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The availability of high-voltage, mixed-signal semiconductor technologies also allows engineers to achieve higher levels of system integration, and help them create true system on chip (SoC) ASIC solutions. For example, CAN transceiver and controller functionality can be combined in one IC to further reduce component count of CAN nodes. Higher-level integration also means that overall circuit size can be reduced, which increases space savings and opens up new possibilities that can include integrating CAN transceivers and control functionality directly into a sensor interface, actuator or motor, or adding new functions and performance without sacrificing existing board space.F
ISO 11898 standard specifications are based on a 40 m bus length with 0.3 m for stubs. This distance can be extended with a well-designed CAN transceiver. In fact, two buses can be connected by inserting AMIS-42700 one-chip CAN repeater between CAN-L and CAN-H lines. The chip has two CAN receivers and transmitters, protocol handler, and feedback suppression integrated. This one-chip CAN repeater allows designers of CAN networks simply to extend bus lengths, and allows development of a simple node for connect-disconnect applications.
The importance of integrated, miniaturized CAN interfaces is increasingly important as sensor geometries become ever smaller to fit into new applications. The added benefit of combining a CAN transceiver and controller on one chip is increased reliability, less required testing, and reducing complex component counts from two to one.
Finally, itís worth noting that CANís foundation in the automotive arena gives industrial designers access to many robust and proven third-party tools and services that can support and speed development of CAN-based applications. These include tools for logically describing and configuring CAN networks at a high abstraction level, tools and services for standardizing of diagnostic data and interfaces, target code that can be used to implement a single application programming interface (API), and measurement and calibration tools and processes.
CiA REPORTS THAT CAN defines the data-link layer and part of the physical layer in the seven-layer OSI model. ISOís standard also incorporates CANís specifications and part of physical layer, in this case, the physical signaling that includes bit encoding and decoding, or Non-Return-to-Zero (NRZ), as well as bit timing and synchronization. In the chosen NRZ bit coding, the signal level remains constant over the bit time, and just one time slot is required for the representation of a bit. The signal level can remain constant over a longer period, so measures must be taken to ensure that the maximum permissible interval between two signal edges is not exceeded. This is important for synchronization purposes. Bit stuffing is applied by inserting a complementary bit after five bits of equal value, and the receiver has to un-stuff the stuff-bits, so the original data content is processed.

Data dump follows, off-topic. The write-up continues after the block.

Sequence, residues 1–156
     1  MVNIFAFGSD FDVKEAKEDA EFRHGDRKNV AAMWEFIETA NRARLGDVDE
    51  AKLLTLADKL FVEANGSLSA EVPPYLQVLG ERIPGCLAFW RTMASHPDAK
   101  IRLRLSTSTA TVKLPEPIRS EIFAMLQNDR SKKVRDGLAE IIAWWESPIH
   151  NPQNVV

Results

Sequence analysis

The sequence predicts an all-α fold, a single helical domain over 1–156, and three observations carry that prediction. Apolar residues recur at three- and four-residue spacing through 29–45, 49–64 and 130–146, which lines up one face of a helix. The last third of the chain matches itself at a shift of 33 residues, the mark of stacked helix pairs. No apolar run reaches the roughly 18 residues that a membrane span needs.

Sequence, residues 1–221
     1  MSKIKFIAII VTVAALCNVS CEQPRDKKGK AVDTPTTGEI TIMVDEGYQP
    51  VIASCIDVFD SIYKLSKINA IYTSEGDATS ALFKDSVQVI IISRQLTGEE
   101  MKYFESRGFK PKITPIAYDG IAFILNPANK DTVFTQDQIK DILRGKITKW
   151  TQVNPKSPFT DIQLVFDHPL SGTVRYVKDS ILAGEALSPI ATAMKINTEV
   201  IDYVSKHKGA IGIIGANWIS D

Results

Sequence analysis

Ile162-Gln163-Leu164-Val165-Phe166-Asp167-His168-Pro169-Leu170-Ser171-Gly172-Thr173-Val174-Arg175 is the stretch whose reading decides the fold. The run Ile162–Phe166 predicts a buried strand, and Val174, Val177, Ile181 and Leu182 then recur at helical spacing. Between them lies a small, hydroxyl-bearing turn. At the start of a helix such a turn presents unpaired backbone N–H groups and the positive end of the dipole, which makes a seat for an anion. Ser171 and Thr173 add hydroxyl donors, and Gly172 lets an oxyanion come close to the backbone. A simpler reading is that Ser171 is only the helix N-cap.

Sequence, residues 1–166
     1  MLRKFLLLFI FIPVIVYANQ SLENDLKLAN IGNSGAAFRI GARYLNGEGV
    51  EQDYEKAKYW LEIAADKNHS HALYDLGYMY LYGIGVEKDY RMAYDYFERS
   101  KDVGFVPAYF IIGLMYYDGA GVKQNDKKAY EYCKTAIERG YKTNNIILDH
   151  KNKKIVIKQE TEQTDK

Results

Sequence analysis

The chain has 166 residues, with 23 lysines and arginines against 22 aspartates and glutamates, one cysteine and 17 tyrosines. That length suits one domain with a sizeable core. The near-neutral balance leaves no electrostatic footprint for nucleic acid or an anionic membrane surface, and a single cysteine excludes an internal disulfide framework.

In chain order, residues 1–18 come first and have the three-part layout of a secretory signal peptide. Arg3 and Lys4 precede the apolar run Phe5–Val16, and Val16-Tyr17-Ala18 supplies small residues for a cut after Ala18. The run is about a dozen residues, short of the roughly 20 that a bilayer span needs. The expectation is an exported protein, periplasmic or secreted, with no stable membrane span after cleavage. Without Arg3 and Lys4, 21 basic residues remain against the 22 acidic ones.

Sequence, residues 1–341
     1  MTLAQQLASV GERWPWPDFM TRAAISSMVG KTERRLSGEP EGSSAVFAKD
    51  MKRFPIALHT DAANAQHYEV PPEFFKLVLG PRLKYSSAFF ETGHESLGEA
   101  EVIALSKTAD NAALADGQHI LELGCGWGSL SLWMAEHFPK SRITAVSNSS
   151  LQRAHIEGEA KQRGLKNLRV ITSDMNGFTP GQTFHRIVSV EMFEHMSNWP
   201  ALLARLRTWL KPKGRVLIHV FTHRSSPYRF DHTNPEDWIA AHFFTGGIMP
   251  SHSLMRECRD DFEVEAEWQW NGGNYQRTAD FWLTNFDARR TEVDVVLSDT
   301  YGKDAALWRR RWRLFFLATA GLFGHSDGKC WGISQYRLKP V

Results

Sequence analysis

On the bit-level, which is OSIís level one/physical layer, CiA says CAN uses synchronous bit transmission. This enhances transmitting capacity, but also means that a sophisticated method of bit synchronization is required. While bit synchronization in a character-oriented transmission (asynchronous) is performed on receipt of the start bit available with each character, a synchronous transmission protocol there is just one start bit available at the beginning of a frame. To enable the receiver to correctly read the messages, continuous resynchronization is required. Phase buffer segments are therefore inserted before and after the nominal sample point within a bit interval (See Figure below).
To enable the CAN receiver to correctly read the messages, continuous resynchronization is required, so phase buffer segments are inserted before and after the nominal sample point within a bit interval. For synchronization purposes, a propagation delay segment is needed, in addition to the phase buffer segment time reserved for synchronization. Source: CAN in Automation
CiA adds that CAN regulates bus access by bit-wise arbitration. The signal propagation from sender to receiver and back to the sender must be completed within one bit-time. For synchronization purposes, a further time segment, the propagation delay segment, is needed in addition to the phase buffer segment time reserved for synchronization. The propagation delay segment takes into account the signal propagation on the bus, as well as signal delays caused by transmitting and receiving nodes. Two types of synchronization are distinguished: hard synchronization at the start of a frame and resynchronization within a frame. After a hard synchronization, the bit time is restarted at the end of the sync segment. Consequently, the edge, which caused the hard synchronization, lies within the sync segment of the restarted bit time. Resynchronization shortens or lengthens the bit time, so the sample point is shifted according to the detected edge.
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